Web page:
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Potential of Lactobacillus plantarum IBB3036 and Lactobacillus salivarius IBB3154 to persistence in chicken after in ovo delivery

Aleksandrzak-Piekarczyk, Tamara and Puzia, Weronika and Żylińska, Joanna and Cieśla, Jarosław M. and Gulewicz, Krzysztof Antoni and Bardowski, Jacek K. and Górecki, Roman Krzysztof (2019) Potential of Lactobacillus plantarum IBB3036 and Lactobacillus salivarius IBB3154 to persistence in chicken after in ovo delivery. MicrobiologyOpen, 8 (1). e00620. ISSN 20458827

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Official URL: http://doi.org/10.1002/mbo3.620


The aim of this study was to characterize and compare selected Lactobacillus strains originating from different environments (cow milk and hen feces) with respect to their applicative potential to colonize gastrointestinal track of chickens before hatching from an egg. In vitro phenotypic characterization of lactobacilli strains included the investigation of the important prerequisites for persistence in gastrointestinal tract, such as a capability to survive in the presence of bile salts and at low pH, enzymatic and sugar metabolic profiles, adhesion abilities, and resistance to osmolytes, temperature, and antibiotics. Regarding the resistance of lactobacilli to most of the various stress factors tested, the milk isolate Lactobacillus plantarum IBB3036 showed better abilities than the chicken feces isolate Lactobacillus salivarius IBB3154. However, regarding the acidification tolerance and adherence ability, L. salivarius IBB3154 revealed better characteristics. Use of these two selected lactobacilli isolates together with proper prebiotics resulted in the preparation of two S1 and S2 bioformulations, which were injected in ovo into hen Cobb500 FF fertilized eggs. Furthermore, in vivo tests assessing the persistence of L. plantarum IBB3036 and L. salivarius IBB3154 in the chicken gastrointestinal tract was monitored by PCR‐based classical and quantitative techniques and revealed the presence of both strains in fecal samples collected 3 days after hatching. Subsequently, the number of L. salivarius IBB3154 increased significantly in the chicken intestine, whereas the presence of L. plantarum IBB3036 was gradually decreased.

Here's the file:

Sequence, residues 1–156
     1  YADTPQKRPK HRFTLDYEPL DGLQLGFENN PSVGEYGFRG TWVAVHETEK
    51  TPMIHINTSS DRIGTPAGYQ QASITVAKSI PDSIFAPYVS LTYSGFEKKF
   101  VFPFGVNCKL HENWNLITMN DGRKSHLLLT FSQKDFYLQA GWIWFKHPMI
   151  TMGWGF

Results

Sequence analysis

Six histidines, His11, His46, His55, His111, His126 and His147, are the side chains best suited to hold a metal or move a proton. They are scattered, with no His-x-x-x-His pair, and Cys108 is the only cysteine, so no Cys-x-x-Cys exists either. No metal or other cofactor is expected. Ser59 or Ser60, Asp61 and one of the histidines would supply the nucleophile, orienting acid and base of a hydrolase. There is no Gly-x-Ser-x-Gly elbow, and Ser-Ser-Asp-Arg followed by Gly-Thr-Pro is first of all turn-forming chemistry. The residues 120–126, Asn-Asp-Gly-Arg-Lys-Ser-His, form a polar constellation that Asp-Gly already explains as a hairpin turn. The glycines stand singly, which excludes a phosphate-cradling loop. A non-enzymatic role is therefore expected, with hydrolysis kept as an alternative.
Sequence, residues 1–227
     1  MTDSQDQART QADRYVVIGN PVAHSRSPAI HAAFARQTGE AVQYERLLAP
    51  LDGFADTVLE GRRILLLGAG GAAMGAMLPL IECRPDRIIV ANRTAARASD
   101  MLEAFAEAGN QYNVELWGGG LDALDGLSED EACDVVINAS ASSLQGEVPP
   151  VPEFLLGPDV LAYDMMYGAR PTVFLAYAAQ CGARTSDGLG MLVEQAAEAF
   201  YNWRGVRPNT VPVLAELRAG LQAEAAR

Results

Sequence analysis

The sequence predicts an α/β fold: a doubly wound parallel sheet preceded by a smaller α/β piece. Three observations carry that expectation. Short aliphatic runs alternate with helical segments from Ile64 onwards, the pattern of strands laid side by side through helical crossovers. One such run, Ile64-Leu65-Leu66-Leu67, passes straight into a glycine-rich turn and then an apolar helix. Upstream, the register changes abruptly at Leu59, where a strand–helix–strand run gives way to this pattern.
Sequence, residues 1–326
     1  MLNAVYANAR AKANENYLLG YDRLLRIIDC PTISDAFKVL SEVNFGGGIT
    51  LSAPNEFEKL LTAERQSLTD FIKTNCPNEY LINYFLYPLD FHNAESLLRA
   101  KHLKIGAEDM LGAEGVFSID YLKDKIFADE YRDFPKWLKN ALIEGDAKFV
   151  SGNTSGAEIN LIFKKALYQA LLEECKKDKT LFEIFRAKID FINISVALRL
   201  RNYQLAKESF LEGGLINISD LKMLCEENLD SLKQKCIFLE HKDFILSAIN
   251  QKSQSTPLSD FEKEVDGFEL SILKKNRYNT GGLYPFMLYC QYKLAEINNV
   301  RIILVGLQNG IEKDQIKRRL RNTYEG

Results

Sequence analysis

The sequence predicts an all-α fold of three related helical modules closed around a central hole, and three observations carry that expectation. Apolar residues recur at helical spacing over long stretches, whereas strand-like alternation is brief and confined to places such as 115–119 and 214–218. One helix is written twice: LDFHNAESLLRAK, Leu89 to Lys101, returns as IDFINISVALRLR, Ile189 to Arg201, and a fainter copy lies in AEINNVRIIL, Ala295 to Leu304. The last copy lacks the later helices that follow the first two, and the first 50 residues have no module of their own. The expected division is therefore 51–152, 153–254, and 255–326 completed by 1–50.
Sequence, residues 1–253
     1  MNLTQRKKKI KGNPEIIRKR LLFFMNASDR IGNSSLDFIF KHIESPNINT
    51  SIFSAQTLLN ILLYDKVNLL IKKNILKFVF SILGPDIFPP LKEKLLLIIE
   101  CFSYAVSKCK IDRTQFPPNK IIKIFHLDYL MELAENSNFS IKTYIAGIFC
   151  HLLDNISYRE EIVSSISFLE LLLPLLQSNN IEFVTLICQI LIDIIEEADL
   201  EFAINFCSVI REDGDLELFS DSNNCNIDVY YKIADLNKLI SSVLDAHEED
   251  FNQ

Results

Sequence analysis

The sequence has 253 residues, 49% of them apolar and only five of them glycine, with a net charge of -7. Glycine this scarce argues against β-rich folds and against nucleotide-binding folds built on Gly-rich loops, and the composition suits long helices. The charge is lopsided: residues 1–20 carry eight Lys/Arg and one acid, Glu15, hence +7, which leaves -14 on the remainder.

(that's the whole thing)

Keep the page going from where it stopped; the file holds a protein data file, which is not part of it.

Item Type:Article
Subjects:Q Science > QR Microbiology
Divisions:Department of Microbial Biochemistry
ID Code:1672
Deposited By: dr Tamara Aleksandrzak-Piekarczyk
Deposited On:18 Dec 2018 09:08
Last Modified:22 May 2019 12:52

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